Birkenhead MP attacks Government over 'growing chaos' in bedroom tax

Birkenhead MP attacks Government over 'growing chaos' in bedroom tax

Birkenhead MP attacks Government over 'growing chaos' in bedroom tax

First published in News
Last updated
Wirral Globe: Photograph of the Author by , Editor

BIRKENHEAD MP Frank Field has condemned “growing chaos” at the heart of the so-called 'bedroom tax' changes to housing benefit.

Following a series of parliamentary questions, Mr Field discovered the Government does not know how many people affected by the tax have downsized to a smaller property, or whether that property has a lower rent.

Under changes to the welfare rules, social housing tenants who are deemed to have more rooms than they need are liable to have their housing benefit cut, removing what ministers call the "spare room subsidy".

The Government maintains it will save money and free up existing stock to cut housing queues.

But Mr Field said the latest admission throws doubt on both of these arguments.

He said: “How on earth can the Government know how much money the bedroom tax will save when it doesn’t even know how many people have downsized?

“If disabled people downsize and need their new property to be adapted, this will end up costing the Government more money.

“Likewise housing associations have warned that families may be forced to downsize into the private sector at a higher rent.

“This vicious policy isn’t achieving anything other than hitting those hardest who can least afford it.”

In another answer, the Government also admitted it does not know how many people in wheelchairs have been hit with the bedroom tax.

  • In a separate attack on the tax, Labour said local authority data showed that as a result of a loophole in the legislation, at least 16,000 households had wrongly had their benefit cut - while the true figure could be closer to 50,000.

The loophole, identified earlier this year, means the tax does not apply to certain tenants who have lived in the same home for more than 17 years.

Work and Pensions Secretary Iain Duncan Smith has previously told MPs that between 3,000 to 5,000 tenants were thought to have been affected by the error.

But after submitting Freedom of Information requests to all 346 local authorities in the UK, Labour said responses from the 140 councils which have so far replied showed that 16,450 households had been incorrectly caught.

In Wirral, 450 tenants of social landlord Magenta are affected plus 150 other tenants. The local authority began repaying the money a fortnight ago.

Shadow work and pensions minister Chris Bryant said that if there was a similar rate of wrongful deductions across the whole country, the final total would be almost 50,000.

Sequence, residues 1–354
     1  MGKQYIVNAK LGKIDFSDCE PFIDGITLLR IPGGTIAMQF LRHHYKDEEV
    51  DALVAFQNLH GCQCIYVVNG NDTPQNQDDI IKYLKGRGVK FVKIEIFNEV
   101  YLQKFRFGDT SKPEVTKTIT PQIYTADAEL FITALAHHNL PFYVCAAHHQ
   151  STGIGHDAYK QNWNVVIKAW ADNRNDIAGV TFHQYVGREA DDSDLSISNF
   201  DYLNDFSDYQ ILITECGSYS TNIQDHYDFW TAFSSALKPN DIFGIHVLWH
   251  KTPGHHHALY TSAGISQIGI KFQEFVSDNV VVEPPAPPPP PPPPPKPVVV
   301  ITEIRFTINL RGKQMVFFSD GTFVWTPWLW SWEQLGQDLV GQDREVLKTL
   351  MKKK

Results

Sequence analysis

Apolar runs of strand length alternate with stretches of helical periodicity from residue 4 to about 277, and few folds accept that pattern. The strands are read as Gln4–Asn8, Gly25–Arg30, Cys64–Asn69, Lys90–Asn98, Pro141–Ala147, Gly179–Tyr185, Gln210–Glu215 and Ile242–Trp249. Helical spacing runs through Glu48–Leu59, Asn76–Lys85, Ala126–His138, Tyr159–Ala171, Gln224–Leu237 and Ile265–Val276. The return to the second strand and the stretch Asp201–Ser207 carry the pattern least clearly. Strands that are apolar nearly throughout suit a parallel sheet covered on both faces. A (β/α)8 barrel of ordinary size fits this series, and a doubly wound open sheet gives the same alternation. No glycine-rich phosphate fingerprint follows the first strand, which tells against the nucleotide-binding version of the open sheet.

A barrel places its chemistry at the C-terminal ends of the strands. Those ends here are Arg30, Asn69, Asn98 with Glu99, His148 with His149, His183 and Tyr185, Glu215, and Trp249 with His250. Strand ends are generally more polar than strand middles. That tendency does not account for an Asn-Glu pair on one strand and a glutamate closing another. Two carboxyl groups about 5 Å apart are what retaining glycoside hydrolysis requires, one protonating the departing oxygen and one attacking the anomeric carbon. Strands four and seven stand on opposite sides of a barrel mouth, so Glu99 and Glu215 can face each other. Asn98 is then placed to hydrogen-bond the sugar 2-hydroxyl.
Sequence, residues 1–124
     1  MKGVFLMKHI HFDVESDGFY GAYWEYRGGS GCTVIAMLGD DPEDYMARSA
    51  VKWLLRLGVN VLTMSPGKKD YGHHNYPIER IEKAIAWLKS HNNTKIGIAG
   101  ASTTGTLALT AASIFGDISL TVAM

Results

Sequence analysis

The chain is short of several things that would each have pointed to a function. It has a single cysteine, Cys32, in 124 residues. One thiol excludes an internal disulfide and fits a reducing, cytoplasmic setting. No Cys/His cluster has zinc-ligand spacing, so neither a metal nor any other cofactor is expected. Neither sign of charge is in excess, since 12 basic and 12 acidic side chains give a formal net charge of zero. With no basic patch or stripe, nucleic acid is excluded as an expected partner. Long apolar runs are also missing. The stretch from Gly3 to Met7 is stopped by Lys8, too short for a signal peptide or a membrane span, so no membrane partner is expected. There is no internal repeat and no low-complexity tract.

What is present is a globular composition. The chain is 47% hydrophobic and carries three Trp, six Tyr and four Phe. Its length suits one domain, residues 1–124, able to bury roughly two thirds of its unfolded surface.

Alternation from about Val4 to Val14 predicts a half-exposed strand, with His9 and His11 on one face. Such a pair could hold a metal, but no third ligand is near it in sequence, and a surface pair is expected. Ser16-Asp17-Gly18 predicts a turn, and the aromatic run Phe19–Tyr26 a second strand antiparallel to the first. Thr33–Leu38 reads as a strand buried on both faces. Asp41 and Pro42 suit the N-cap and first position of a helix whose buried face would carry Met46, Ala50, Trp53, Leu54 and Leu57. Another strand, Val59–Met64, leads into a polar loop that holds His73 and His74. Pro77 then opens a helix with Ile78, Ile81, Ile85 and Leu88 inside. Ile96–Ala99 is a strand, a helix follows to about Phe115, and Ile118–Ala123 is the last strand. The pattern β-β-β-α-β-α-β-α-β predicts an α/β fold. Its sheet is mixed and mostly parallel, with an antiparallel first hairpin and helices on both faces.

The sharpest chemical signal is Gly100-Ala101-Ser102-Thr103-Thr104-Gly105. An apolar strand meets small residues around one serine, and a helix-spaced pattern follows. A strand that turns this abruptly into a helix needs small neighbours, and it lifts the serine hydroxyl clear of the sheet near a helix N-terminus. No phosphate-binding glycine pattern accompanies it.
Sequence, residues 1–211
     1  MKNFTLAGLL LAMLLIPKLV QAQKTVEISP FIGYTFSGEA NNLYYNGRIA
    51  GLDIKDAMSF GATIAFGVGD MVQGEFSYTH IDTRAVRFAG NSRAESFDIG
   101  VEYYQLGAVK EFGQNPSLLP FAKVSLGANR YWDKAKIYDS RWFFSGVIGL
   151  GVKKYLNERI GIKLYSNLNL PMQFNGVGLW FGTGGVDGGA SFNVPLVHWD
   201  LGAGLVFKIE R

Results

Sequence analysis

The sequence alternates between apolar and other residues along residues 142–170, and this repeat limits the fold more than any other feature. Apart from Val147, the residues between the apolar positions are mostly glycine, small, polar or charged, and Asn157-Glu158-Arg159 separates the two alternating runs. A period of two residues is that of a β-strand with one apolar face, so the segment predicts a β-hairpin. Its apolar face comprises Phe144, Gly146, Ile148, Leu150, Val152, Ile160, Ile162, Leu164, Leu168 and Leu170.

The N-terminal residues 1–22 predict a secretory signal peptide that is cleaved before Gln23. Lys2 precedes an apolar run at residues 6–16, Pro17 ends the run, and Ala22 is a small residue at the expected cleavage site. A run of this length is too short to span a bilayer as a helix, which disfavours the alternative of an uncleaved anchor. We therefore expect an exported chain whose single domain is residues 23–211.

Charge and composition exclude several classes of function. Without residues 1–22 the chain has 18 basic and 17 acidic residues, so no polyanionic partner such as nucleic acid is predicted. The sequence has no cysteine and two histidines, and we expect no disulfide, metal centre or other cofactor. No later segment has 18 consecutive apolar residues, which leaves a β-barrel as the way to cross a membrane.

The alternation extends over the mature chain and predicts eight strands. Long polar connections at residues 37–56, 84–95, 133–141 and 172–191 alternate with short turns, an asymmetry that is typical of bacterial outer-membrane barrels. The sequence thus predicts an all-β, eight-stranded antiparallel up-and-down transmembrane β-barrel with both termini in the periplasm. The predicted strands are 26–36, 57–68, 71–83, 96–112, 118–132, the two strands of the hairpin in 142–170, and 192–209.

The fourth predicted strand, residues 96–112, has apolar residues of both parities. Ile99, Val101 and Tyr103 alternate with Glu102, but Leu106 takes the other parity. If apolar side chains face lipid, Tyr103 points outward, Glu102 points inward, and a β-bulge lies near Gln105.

The Department for Work and Pensions said the regulations were now being amended and that it still believed its earlier estimate of the numbers affected was correct.

Comments (2)

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10:24am Wed 12 Feb 14

reliant22 says...

If Wirral Labour Authority`s Data collating is anything like as bad as their `GOBBLEDEGOOK` reporting then it must be ignored.
Someone will, for sure, and very soon collate the correct data.
Truth is BETTER than fiction..
If Wirral Labour Authority`s Data collating is anything like as bad as their `GOBBLEDEGOOK` reporting then it must be ignored. Someone will, for sure, and very soon collate the correct data. Truth is BETTER than fiction.. reliant22
  • Score: -1

11:20am Wed 12 Feb 14

pablo26uk says...

No such thing as a bedroom tax, i'm employed and have a spare bedroom, i don't pay tax.

This was a good idea by the government but poorly executed. There are people being forced to downsize who categorically should not have to. However there are a lot of employed people who see long term unemployed in far grander houses than their own - this is demonstrably unfair and also demotivating to encourage people back to work.

The government is trying to widen the gap in living standards between those who choose to remain unemployed, and those who work. I'm not saying all the policies are correct, nor have they been correctly implemented, however i do admire the overall ambition.
No such thing as a bedroom tax, i'm employed and have a spare bedroom, i don't pay tax. This was a good idea by the government but poorly executed. There are people being forced to downsize who categorically should not have to. However there are a lot of employed people who see long term unemployed in far grander houses than their own - this is demonstrably unfair and also demotivating to encourage people back to work. The government is trying to widen the gap in living standards between those who choose to remain unemployed, and those who work. I'm not saying all the policies are correct, nor have they been correctly implemented, however i do admire the overall ambition. pablo26uk
  • Score: -1

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